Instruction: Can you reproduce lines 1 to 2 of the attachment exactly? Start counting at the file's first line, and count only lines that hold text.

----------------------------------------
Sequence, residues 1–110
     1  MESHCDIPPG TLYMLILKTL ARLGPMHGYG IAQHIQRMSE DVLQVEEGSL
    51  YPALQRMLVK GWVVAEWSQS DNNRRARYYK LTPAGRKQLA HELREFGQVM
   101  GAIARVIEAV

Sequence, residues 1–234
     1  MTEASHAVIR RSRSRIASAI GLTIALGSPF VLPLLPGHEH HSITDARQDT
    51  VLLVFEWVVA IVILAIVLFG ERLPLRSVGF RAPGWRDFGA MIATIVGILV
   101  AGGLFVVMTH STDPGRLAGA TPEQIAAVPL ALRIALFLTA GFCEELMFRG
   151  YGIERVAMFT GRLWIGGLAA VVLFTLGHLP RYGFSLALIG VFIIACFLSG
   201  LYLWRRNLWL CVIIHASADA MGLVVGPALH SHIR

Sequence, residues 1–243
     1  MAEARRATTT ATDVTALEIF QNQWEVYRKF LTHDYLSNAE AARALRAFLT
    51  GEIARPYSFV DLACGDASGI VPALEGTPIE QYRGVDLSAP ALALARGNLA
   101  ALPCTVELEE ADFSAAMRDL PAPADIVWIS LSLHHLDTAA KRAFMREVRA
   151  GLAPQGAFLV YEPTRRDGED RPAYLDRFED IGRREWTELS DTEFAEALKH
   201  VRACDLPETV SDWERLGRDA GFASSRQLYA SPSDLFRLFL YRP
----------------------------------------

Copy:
Sequence, residues 1–110
     1  MESHCDIPPG TLYMLILKTL ARLGPMHGYG IAQHIQRMSE DVLQVEEGSL